12 Looking for and hasting unto the coming of the day of God, wherein the heavens being on fire shall be dissolved, and the elements shall melt with fervent heat?
13 Nevertheless we, according to his promise, look for new heavens and a new earth, wherein dwelleth righteousness.
14 Wherefore, beloved, seeing that ye look for such things, be diligent that ye may be found of him in peace, without spot, and blameless.
15 And account that the longsuffering of our Lord is salvation; even as our beloved brother Paul also according to the wisdom given unto him hath written unto you;
16 As also in all his epistles, speaking in them of these things; in which are some things hard to be understood, which they that are unlearned and unstable wrest, as they do also the other scriptures, unto their own destruction.
17 Ye therefore, beloved, seeing ye know these things before, beware lest ye also, being led away with the error of the wicked, fall from your own stedfastness.
18 But grow in grace, and in the knowledge of our Lord and Saviour Jesus Christ. To him be glory both now and for ever. Amen.
Priscilla and her husband were Christian Jews who met Paul in Corinth. The couple had moved to Corinthian when the Emperor Claudius expelled all Jews from Rome. Paul stayed with this couple, who apparently became Christians before meeting the apostle. When Paul left Corinth after a ministry of some two to three years, Priscilla and Aquila went with him to Ephesus. There they hosted a house-church in their home (1 Cor. 16:19), as they probably did in both Rome and Corinth. Continue Reading Here
Listen to Pastor Roy’s Sermon regarding this commentary here.
God’s promise concerning the perpetuation of the Davidic dynasty and the Levitical priesthood would be as unbreakable as God’s covenant of day and night. Some of the people were accusing God of forsaking His two houses – Israel and Judah, and were thus despising the Jews as being cast-offs, a non-people.
The Lord replies that His covenant with His people is as fixed as the laws of nature, The descendants of David would be as innumerable as the host of Heaven and the sand of the sea. This promise (covenant) will be fulfilled in the fullness of the Body of Christ, who are made kings and priests as recorded in the Book of the Revelation.
John addressed the Revelation to the seven churches located in the Roman province of Asia. First, John wishes for these churches grace…and peace. Grace means the undeserved favor of God and the strength that is needed in the Christian life day by day. Peace is the resulting calm that enables the believer to face persecution, sorrow, and even death itself.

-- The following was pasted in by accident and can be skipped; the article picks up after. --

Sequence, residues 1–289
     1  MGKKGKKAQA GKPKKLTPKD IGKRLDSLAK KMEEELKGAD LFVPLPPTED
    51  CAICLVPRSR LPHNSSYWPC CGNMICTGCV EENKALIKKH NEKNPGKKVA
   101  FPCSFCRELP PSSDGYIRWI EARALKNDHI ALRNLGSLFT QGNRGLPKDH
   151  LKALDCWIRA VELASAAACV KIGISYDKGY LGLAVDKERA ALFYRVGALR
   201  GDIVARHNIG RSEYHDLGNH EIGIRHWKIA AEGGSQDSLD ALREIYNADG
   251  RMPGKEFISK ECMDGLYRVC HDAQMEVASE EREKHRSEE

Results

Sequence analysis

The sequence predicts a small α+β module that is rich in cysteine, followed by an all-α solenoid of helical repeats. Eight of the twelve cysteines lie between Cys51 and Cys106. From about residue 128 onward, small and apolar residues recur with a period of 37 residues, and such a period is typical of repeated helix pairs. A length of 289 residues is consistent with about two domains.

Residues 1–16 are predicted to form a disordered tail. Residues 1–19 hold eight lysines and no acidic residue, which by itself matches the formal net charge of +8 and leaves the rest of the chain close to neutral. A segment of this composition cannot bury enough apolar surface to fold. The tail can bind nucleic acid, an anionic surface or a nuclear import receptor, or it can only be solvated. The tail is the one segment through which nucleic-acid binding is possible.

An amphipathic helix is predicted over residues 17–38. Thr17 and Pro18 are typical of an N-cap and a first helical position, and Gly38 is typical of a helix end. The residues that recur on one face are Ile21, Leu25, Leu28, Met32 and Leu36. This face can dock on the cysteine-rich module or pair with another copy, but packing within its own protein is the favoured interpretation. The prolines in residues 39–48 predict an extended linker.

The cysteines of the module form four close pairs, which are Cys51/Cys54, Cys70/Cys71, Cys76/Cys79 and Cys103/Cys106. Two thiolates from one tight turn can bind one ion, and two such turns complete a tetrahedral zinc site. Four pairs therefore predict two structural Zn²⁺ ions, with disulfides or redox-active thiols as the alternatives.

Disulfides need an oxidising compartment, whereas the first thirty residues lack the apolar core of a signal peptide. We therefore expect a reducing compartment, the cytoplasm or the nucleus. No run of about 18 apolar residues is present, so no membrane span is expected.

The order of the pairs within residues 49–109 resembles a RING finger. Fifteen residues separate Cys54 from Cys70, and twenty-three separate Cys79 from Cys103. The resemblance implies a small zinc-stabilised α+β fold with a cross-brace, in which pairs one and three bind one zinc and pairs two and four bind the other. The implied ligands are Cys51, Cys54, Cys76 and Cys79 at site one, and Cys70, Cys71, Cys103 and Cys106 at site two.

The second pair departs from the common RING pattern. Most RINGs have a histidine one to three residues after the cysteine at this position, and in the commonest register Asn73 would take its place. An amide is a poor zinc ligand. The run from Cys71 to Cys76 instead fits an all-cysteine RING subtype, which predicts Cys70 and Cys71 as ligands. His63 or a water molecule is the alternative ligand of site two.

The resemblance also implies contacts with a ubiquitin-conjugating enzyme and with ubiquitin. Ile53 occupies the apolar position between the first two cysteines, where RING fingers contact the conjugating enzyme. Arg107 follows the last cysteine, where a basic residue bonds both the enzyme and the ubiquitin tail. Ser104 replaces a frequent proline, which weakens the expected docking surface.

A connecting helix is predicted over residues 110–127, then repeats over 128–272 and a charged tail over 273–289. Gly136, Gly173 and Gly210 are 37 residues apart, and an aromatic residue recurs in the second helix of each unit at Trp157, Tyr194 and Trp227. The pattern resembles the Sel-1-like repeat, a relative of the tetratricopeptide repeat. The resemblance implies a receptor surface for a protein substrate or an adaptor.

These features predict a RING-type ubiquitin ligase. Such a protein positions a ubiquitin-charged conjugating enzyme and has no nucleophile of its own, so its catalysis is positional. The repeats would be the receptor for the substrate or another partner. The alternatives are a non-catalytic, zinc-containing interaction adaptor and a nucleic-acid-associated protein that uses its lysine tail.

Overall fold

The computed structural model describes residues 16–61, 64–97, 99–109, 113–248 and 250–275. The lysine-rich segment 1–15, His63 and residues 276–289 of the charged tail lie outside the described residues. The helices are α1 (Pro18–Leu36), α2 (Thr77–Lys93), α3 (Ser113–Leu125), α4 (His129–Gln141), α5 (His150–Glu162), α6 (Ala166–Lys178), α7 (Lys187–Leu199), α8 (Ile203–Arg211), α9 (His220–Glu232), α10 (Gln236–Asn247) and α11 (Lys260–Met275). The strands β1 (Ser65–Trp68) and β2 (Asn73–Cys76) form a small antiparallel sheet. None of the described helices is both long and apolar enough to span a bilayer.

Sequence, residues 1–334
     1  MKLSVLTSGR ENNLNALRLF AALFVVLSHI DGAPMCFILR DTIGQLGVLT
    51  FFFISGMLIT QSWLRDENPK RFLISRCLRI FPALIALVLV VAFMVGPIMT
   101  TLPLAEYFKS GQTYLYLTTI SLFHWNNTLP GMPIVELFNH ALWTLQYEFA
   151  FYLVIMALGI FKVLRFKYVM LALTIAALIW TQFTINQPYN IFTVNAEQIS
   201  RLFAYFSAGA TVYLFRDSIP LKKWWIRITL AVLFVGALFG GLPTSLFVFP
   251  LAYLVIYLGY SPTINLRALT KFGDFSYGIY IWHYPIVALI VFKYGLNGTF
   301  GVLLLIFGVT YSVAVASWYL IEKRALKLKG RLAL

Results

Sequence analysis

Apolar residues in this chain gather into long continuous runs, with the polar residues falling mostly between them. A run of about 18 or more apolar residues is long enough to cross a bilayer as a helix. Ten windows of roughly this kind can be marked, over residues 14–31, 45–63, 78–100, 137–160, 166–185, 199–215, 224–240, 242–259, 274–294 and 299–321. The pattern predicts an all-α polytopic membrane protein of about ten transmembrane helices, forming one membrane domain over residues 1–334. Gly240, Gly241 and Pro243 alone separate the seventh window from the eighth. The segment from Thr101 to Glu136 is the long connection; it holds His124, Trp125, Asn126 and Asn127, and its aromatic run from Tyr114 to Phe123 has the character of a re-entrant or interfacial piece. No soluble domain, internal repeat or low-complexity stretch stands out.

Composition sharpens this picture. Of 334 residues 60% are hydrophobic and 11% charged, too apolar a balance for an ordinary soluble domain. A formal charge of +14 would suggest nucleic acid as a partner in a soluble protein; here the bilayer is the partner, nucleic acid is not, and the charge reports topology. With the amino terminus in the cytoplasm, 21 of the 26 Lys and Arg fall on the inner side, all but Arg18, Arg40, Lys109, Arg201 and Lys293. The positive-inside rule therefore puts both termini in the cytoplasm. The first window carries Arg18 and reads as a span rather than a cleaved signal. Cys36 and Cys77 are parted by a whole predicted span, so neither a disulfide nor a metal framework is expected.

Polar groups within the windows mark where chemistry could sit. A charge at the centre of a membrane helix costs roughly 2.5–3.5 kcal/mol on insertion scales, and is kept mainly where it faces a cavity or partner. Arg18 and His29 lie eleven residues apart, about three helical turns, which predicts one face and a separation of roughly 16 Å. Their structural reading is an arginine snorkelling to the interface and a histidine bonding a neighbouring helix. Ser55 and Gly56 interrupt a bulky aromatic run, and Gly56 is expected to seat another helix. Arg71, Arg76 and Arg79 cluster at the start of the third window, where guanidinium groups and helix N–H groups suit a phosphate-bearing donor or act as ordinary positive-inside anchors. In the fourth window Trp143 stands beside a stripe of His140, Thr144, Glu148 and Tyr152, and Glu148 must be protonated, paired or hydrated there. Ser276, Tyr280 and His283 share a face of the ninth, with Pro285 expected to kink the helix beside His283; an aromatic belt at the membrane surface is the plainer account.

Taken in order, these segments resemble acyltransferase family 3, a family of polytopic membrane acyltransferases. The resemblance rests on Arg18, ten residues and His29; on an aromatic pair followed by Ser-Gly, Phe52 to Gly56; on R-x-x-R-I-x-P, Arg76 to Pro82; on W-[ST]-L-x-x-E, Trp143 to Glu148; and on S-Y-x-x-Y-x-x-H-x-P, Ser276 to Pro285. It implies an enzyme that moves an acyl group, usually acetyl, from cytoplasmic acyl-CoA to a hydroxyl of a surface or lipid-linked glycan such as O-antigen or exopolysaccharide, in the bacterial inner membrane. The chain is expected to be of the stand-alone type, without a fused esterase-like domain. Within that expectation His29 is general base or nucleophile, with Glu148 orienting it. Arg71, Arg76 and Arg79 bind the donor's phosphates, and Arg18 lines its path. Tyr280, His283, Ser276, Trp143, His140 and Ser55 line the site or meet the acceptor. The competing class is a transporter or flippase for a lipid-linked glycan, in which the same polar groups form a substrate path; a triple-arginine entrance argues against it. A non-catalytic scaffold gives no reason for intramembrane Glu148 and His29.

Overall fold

It comes from Jesus Christ, the faithful witness, the firstborn from the dead, and the ruler over the kings of the earth. This clearly describes God the Son. He is the dependable witness. As firstborn from the dead, He is the first One to rise from the dead to die no more, and the one who holds the place of honor and pre-eminence among all who are raised from the dead to enjoy eternal life. He is also the ruler over all earthly kings.
Following his initial greetings, John writes a tribute of praise to the Lord Jesus. First of all, he speaks of the Savior as the One who loved us (loves us) and washed us from our sins in His own blood.
Note the tenses of the verbs: loves, a present, continuous action; washed, a past, completed work. Note too the order: He loves us, and indeed loved us long before He washed us. And note the price He paid: His own blood.
Honest self-evaluation forces us to confess that the cost was too high. We did not deserve to be washed at such an exorbitant price.
His love did not stop at washing us, though it could have done so. He mad us kings and priests to His God and Father. As holy priests, we offer spiritual sacrifices to God: our persons, our possessions, our praise, and our services. As royal priests, we tell forth the excellencies of Him who called us out of darkness into His marvelous light.
If we meditate on such love, we can only conclude that He is worthy of all the glory, honor, worship, and praise that we can heap on Him. And He is worthy of the dominion over our lives, the church, the world, and the entire universe.
The disciples made a cushion or saddle for the Lord with their own clothes. Many spread their clothes on the road before Him as He ascended from the western base of the Mt. of Olives to Jerusalem. Then with one accord the followers of Jesus burst out in praise for all the mighty works they had seen Him do. They hailed Him as God’s King, and chanted that the effect of His coming was peace in heaven and glory in the highest. It is significant that they cried “Peace in heaven” rather than “Peace on earth.” There could not be peace on earth because the Prince of Peace had been rejected and was soon to be slain. But there would be peace in heaven as a result of the impending death of Christ on Calvary’s cross and His ascension to heaven.